If you mentioned spirituality ten years ago colleagues would’ve smiled politely or snickered. You’d have been labelled “the Shirley Maclaine of the office”.
Traditionally, spirituality was living up to the values and expectations of religion but today there are many people who practice spirituality that don’t embrace organized religion. Spirituality in today’s world may include religion but not necessarily.
My sense of spirituality includes defining values and principles and living in alignment with them. Spirituality is getting clear about life purpose then expressing and demonstrating it , for myself and to others, in everything I do.
David Foot (Boom Bust and Echo) tells us baby boomers have driven western culture since birth and will do so until death. In the late sixties there were many songs about brotherhood, and coming together and love for one another. Boomers were teenagers then. They weren’t in the workplace. Now they are. I think they’ve remembered the messages from those songs and are now able to do something about it.
In the 1980’s boomers were establishing their adulthood:careers, spouses, mortgages, families. Now many of them are in positions of influence and power at work. They are aging and facing the death of parents, and sometimes one from their own ranks. They have maturing bodies and greater heath concerns. Mortality is real now. These transitions make the questions, “Who am I?” and “What do I really want?” urgent to answer and lead to active spiritual exploration and awareness.
Many boomers explored these questions in private, ten yeas ago. Over the years they started talking about spirituality with their colleagues. The numbers who felt the same was bigger than they thought! It’s a critical mass thing:when we feel alone we’re quiet but once we find out there are others who think similarly, we “speak up”.
Now you see inspirational and motivational quotes, pictures and doodads on desks, everywhere! More organizations are supporting employee personal development. There’s a rise in words with a spiritual foundation, such as win/win, harmony, alignment, oneness, synergy, holistic, creativity, shared vision, mission, values, teamwork, leadership, ethics, and integrity. Whew! What spiritual words do you use?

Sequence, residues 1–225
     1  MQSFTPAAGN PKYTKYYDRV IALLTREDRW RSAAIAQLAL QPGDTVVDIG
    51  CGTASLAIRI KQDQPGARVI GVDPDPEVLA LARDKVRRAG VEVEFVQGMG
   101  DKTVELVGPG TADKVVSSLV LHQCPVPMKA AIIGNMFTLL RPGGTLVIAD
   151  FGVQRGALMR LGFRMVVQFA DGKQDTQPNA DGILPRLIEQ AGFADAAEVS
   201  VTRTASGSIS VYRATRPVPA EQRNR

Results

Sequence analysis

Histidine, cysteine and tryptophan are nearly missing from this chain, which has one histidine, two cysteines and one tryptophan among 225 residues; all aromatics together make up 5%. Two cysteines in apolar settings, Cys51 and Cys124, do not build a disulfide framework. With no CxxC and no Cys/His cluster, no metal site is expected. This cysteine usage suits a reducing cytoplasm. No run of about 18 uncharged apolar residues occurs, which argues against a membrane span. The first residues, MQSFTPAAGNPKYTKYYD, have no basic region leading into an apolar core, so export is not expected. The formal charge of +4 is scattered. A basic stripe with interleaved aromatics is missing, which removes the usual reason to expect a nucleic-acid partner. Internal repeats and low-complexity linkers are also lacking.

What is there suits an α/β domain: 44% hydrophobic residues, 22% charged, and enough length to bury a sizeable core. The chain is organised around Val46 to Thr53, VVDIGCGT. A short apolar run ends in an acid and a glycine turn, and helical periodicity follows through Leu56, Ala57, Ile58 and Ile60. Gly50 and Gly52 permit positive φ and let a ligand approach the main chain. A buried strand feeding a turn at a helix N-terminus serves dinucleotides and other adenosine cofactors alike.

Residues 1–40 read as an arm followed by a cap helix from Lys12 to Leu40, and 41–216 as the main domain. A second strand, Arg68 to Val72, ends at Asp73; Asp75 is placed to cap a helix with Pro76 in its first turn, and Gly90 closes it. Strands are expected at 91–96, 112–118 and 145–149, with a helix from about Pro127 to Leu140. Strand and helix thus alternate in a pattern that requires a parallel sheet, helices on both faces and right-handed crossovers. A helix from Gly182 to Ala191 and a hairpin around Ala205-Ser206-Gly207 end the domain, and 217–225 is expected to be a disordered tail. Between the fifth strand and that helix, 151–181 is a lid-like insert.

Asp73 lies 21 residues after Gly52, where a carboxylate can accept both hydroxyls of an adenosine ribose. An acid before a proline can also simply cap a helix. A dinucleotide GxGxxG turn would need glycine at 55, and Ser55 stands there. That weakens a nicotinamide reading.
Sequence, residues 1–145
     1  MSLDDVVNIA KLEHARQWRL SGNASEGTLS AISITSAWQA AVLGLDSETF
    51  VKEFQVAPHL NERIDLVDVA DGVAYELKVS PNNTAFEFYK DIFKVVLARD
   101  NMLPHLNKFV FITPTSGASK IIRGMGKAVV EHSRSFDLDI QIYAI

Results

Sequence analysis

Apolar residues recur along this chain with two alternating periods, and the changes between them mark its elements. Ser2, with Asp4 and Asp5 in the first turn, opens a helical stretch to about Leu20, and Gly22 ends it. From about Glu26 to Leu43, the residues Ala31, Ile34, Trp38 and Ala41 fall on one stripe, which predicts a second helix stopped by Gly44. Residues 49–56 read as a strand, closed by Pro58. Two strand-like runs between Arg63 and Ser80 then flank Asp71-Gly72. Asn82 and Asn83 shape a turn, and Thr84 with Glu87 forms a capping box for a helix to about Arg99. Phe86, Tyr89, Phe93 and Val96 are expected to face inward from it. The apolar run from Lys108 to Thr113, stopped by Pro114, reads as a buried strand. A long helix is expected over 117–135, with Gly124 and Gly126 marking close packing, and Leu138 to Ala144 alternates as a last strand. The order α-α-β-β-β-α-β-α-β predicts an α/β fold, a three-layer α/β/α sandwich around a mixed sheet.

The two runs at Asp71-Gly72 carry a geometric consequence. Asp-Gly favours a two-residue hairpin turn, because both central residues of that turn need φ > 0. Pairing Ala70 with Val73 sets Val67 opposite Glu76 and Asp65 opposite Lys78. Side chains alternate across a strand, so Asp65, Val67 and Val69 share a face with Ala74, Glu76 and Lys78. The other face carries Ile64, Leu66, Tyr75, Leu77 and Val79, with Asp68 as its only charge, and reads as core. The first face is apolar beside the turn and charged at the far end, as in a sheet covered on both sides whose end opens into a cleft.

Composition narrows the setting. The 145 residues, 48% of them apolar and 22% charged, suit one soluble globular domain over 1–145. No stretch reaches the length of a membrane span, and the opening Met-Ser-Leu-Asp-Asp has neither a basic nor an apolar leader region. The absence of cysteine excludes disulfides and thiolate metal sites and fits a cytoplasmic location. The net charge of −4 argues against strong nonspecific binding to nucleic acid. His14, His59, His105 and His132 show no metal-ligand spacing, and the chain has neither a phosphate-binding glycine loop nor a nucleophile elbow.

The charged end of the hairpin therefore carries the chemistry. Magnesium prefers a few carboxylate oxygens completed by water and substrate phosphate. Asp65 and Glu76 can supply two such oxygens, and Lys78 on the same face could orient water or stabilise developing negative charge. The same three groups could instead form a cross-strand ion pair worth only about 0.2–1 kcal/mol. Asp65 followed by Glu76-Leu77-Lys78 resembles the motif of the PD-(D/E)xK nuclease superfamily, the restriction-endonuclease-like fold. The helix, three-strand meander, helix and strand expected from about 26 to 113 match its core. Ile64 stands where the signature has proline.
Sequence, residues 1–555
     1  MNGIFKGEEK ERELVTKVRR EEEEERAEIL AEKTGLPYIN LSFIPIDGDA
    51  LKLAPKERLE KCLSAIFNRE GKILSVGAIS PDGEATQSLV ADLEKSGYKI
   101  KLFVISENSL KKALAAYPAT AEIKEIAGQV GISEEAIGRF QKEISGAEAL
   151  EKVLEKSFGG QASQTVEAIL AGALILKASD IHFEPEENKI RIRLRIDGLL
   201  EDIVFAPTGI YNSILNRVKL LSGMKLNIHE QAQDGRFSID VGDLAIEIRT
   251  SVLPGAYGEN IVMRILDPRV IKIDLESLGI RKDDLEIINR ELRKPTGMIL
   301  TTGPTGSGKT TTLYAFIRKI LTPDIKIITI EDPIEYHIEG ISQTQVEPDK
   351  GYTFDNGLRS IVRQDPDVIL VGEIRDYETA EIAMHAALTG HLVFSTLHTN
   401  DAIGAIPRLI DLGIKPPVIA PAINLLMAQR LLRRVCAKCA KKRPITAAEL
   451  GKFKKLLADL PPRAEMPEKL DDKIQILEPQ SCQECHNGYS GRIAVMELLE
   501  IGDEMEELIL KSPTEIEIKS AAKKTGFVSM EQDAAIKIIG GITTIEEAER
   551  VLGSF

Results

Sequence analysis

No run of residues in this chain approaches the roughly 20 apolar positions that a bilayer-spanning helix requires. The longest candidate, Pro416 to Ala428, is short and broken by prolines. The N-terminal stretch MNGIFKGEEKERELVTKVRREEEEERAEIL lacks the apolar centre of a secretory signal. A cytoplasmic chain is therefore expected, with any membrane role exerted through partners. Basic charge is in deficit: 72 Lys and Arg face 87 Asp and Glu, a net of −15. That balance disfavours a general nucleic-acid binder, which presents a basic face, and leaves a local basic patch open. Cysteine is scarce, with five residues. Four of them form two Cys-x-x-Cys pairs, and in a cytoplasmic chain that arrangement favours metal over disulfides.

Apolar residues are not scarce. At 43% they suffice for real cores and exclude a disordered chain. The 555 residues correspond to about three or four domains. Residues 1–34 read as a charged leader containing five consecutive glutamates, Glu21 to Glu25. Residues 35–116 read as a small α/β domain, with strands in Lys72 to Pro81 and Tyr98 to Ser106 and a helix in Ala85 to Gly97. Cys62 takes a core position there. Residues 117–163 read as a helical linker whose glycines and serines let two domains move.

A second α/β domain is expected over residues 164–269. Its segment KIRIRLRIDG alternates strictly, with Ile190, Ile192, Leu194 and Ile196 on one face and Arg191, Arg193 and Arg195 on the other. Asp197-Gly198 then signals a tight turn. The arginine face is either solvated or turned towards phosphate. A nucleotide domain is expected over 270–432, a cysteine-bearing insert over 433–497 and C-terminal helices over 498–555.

Stephen Covey’s The Seven Habits of Highly Effective People was the perfect gift to organizations. I believe it’s largely thanks to this book that spirituality at work has taken off. Covey’s magic was in finding words that made spirituality corporately palatable. Now organizations hold workshops for employees to explore spirituality and how it fits into their work world. Covey taught us the spirituality of Living, Loving, Learning and Leaving a Legacy. Now there is a proliferation of books and facilitations which all do good work in developing spirituality.
It’s hard keeping up with change and that causes confusion. Exploring our spirituality:our personal power and sense of self:reminds us that confusion within ourselves doesn’t have to exist, even if their is confusion in the world. When we’re calm and purposeful and clear we’re more valuable to ourselves, our families and to our companies.
Organizations that support their employee’s spirituality are the big winners. The attitudes and behaviours of spiritual employees enhances all aspects of company performance.
It’s not enough any more to just get a pay cheque. Organizations and individuals are looking for heart and soul. They’re finding it through spirituality and taking it to work, everywhere they go.
To foster spirituality in the workplace organizations should look at:
- Encouraging, promoting and financially supporting employee personal and professional development
- Creating a holistic approach to the work environment:one that brings the ancient Greek philosophy of sound body, sound mind and sound spirit to modern times:one that focuses on employee wellness by providing health information, programs and facilities
- Implementing the principles of the learning organization
- Ensuring spiritual leadership (ie. sincere, ongoing dedication to personal development) comes from the very top of the organization down to the most frontline staff